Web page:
Formatting disks and drives
Hard disks, which are the primary storage devices on your computer, need to be formatted before you can use them. Formatting a disk means configuring the disk with a file system so that Windows can store information on the disk. Hard disks in new computers running Windows are already formatted. If you purchase an additional hard disk to expand the storage of your computer, you might need to format it.
Other types of storage devices, including many USB flash drives and flash memory cards, might come preformatted by the manufacturer.
CDs and DVDs use formats that are different from hard disks and removable storage devices. For information about formatting CDs and DVDs, see Which CD or DVD format should I use?
Here are answers to some common questions about formatting disks and drives.
Usually, only when adding additional storage to your computer. If you install a new hard disk on your computer, it must be formatted with a file system, such as NTFS, before Windows can store files on it.
Reformatting refers to formatting a hard disk or partition that already has been formatted or that contains data on it. Reformatting a disk deletes all of the data on the disk.
In the past, reformatting a hard disk and reinstalling Windows was sometimes recommended as a method for fixing a serious computer problem. Reformatting would fix the problem at the expense of deleting everything on the computer. You would then have to reinstall your programs by using the original installation files or discs, and then restore all of your personal files, such as documents, music, and pictures, from backups that you had made beforehand.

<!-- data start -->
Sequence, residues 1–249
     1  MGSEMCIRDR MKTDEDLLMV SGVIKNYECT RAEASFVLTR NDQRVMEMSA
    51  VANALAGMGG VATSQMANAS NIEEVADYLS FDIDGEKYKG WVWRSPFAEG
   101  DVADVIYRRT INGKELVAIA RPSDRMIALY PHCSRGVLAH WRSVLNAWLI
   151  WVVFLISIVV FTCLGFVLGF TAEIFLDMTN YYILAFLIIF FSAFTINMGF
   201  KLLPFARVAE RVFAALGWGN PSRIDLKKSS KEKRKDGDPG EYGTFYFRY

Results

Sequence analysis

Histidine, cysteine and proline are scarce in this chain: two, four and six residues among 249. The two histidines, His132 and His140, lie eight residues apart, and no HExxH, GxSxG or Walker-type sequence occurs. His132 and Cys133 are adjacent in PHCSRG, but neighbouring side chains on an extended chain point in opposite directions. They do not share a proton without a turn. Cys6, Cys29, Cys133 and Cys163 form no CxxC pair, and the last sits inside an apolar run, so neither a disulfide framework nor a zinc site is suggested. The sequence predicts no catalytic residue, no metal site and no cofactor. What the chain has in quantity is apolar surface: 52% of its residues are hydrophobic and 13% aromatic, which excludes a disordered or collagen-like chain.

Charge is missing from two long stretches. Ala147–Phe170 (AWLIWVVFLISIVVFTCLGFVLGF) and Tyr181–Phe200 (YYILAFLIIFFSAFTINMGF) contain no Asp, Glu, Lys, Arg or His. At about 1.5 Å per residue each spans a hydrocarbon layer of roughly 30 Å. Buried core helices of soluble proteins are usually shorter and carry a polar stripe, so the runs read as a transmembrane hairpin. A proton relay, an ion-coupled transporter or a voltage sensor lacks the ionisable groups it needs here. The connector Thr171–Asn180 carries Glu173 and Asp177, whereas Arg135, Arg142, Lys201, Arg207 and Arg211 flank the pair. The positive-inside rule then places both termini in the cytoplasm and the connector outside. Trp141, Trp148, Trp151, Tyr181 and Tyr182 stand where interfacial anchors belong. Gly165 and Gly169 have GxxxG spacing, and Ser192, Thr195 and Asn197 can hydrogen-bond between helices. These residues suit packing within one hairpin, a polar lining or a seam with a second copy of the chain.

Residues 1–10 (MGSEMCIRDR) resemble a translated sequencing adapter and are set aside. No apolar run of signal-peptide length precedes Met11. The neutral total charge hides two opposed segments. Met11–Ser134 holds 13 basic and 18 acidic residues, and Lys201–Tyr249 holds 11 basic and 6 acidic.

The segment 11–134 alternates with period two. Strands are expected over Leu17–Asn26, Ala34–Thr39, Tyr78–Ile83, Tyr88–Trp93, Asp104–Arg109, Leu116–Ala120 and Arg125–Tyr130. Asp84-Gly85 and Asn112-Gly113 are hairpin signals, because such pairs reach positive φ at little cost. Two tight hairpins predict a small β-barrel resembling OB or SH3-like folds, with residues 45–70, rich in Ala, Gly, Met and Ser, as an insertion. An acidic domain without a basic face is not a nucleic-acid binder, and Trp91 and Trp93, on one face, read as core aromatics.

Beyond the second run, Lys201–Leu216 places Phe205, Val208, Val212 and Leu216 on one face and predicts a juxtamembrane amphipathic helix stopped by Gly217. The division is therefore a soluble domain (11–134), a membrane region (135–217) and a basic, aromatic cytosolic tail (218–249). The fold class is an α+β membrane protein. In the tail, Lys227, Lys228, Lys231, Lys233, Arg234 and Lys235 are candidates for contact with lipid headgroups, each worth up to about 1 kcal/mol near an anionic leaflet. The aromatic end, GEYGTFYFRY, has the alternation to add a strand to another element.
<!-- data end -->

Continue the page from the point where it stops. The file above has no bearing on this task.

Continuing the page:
Today, this version of Windows offers a number of recovery options that are less drastic and which provide a a better place to start fixing your computer problems. For more information, search Windows Help and Support for "system recovery options." Reformatting and reinstalling should be considered as a last resort that is only performed after all other recovery or diagnostic options have proved unsuccessful.
Before you can format a hard disk, you must first create one or more partitions on it. After you have partitioned the hard disk, you can format each partition. (Often, the terms volume and partition are used interchangeably.) You can partition the hard disk so it contains a single volume or several volumes. Each volume is assigned its own drive letter. For more information, see Create and format a hard disk partition.
For this version of Windows, the best choice for hard disks is NTFS. Some previous versions of Windows required FAT32, so there are a few circumstances, such as a multiboot computer, where FAT32 might be required. For more information, see Comparing NTFS and FAT file systems.
Quick format is a formatting option that creates a new file table on a hard disk but does not fully overwrite or erase the disk. A quick format is much faster than a normal format, which fully erases any existing data on the hard disk.